Paytm said that it does not share user data with any of its investors or with any foreign entity and stores data locally in India with no access to any external party. The company was responding to a reference made in the Rajya Sabha by Narendra Jadhav, who claimed that China’s Alibaba holding a stake in Paytm poses a “very serious threat to our national security“.
In the Rajya Sabha earlier this week, Jadhav alleged that Alibaba, through Paytm, had applied for an NBFC license to possibly capture a major chunk of the domestic lending market by resorting to “predatory pricing and capital dumping“. According to Jadhav, Chinese multinationals, if allowed to dominate the Indian financial services sector, “will gain access to private and financial data of millions of individuals and corporates. This could inevitably expose India to a serious geopolitical risk and make our country vulnerable to external influence thereby compromising national security.”
“Paytm goes a step beyond in ensuring utmost security of users’ data by processing and storing all the information in servers located within India. The company respects the user’s need for data privacy and security,” the company said a statement. In fact, the company has been pushing for mandated localisation of financial data for other players as well — a few days ago, Paytm asked the central government to push for storage of payment system data within the country and not allow mirroring of the data overseas.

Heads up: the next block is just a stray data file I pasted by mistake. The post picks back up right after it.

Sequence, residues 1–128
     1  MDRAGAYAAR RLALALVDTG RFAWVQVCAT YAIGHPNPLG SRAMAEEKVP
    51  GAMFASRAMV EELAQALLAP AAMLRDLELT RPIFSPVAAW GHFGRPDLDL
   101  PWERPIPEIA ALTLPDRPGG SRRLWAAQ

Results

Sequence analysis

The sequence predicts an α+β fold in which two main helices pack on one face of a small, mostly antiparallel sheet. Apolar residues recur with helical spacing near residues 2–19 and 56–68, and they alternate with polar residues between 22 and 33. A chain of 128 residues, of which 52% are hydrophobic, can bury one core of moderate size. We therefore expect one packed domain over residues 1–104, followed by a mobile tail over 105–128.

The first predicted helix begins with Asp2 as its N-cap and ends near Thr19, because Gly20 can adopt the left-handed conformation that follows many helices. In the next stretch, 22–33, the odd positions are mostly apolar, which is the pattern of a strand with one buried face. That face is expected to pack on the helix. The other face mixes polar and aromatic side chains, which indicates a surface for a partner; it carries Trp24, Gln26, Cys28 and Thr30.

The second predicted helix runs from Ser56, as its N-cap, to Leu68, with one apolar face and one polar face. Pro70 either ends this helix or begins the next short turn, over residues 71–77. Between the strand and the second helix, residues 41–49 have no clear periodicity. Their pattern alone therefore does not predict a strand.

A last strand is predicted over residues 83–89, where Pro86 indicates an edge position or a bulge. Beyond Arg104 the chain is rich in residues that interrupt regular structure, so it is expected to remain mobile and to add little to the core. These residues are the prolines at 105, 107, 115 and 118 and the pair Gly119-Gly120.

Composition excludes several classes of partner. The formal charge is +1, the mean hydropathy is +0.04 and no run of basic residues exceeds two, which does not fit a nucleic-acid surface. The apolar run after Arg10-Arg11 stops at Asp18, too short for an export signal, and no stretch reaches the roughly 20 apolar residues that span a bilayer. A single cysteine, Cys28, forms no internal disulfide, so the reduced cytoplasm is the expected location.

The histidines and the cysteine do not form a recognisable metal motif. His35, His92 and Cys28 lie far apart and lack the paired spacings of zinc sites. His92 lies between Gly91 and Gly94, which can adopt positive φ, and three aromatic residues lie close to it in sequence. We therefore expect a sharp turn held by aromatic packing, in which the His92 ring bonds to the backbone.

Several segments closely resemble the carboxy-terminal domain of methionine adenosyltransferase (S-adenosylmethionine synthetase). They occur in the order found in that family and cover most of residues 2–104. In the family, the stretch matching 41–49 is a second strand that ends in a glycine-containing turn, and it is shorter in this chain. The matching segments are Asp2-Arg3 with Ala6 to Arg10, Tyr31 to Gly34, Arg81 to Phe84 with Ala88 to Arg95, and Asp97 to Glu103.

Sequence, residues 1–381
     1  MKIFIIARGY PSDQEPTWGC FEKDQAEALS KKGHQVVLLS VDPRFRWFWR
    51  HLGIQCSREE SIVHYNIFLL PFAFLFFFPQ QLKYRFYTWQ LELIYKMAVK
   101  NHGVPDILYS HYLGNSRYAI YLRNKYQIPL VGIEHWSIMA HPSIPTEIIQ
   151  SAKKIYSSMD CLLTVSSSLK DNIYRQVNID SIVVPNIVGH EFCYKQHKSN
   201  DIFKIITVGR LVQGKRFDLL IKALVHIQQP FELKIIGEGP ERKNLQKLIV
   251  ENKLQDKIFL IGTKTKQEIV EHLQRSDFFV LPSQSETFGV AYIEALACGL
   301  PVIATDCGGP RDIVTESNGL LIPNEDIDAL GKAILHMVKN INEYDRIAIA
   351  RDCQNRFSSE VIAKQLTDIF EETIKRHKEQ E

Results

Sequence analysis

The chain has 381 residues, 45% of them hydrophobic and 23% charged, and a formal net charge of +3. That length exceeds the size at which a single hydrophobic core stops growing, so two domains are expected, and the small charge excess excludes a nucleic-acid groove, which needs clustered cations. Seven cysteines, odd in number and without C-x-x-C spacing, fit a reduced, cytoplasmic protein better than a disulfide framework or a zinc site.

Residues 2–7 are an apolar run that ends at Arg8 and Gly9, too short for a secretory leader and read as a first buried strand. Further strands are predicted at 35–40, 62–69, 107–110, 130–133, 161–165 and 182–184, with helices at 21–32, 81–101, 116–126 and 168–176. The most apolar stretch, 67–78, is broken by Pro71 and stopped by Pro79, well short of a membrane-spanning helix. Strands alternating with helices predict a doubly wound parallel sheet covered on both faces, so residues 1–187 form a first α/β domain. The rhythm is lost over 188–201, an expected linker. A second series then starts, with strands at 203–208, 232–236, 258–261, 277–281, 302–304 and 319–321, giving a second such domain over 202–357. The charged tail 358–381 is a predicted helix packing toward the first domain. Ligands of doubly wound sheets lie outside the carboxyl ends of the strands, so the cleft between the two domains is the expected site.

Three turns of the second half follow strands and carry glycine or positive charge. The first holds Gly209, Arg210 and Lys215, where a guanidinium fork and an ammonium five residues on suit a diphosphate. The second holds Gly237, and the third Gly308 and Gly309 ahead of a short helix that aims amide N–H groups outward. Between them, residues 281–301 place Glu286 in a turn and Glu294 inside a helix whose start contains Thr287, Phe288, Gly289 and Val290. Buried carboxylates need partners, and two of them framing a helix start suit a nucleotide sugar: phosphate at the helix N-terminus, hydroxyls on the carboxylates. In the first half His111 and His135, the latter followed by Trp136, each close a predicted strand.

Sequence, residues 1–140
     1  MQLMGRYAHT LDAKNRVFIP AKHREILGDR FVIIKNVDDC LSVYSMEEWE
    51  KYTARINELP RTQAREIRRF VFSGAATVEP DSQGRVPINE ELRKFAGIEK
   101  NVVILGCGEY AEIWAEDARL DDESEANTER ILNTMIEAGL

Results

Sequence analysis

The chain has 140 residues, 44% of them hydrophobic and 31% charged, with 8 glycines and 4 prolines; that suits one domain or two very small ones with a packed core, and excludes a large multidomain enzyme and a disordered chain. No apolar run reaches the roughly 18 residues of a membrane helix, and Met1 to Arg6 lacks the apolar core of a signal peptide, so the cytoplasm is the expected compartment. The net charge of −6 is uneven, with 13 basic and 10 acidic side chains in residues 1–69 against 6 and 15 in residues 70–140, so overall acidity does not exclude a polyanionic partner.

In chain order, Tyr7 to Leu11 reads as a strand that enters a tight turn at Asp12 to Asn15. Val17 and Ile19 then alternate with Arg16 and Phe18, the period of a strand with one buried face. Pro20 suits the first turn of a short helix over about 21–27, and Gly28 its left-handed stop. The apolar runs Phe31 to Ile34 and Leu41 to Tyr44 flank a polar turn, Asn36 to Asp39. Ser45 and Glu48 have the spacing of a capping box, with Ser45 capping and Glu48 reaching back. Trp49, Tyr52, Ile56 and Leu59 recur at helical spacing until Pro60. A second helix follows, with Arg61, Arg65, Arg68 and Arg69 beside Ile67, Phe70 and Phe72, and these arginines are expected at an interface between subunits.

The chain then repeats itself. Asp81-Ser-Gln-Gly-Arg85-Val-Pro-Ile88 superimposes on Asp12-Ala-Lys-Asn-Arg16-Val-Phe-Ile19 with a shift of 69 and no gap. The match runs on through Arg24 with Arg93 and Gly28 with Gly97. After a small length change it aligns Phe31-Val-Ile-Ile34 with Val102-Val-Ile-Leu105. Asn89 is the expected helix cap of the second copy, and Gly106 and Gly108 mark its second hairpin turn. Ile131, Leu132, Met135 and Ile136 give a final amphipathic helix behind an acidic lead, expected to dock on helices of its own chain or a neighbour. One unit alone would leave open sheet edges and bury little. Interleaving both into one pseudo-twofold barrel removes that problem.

Chinese players in Indian financial space
Alibaba is reportedly also investing in financial services through its partnerships with Aditya Birla Group’s NBFC arm, IDFC Bank and Kotak Mahindra Bank, reports CNBCTV18. That apart, last year, another major Chinese firm Xiaomi, along with (Chinese) venture capital firm Shunwei Capital invested $8 million in the Microlending platform KrazyBee. Xiaomi’s Founder and CEO Lei Jun spoke of the company’s plans to enter the financial sector, however, details remain murky.
To curtail the advancement of these companies in the financial sector, Jadhav in an interview has proposed that regulations to set up NBFCs should be made as stringent as they are for starting private banks. “Currently, private bank licenses are given on a few conditions. For instance, in order to start a private bank you need to have at least 26% ownership by Indians and, no investor can hold more than 10% stake in the bank. I have proposed that similar restrictions be imposed on NBFCs,” he told the Indian Express.
However, there might be a different trouble for Indian e-commerce players and retailers, as the Economic Times reports that Chinese sellers may soon be able to compete directly with Indian sellers, on a large scale, as Alibaba and Paytm have initiated a plan to lure Chinese vendors to sell on Paytm Mall.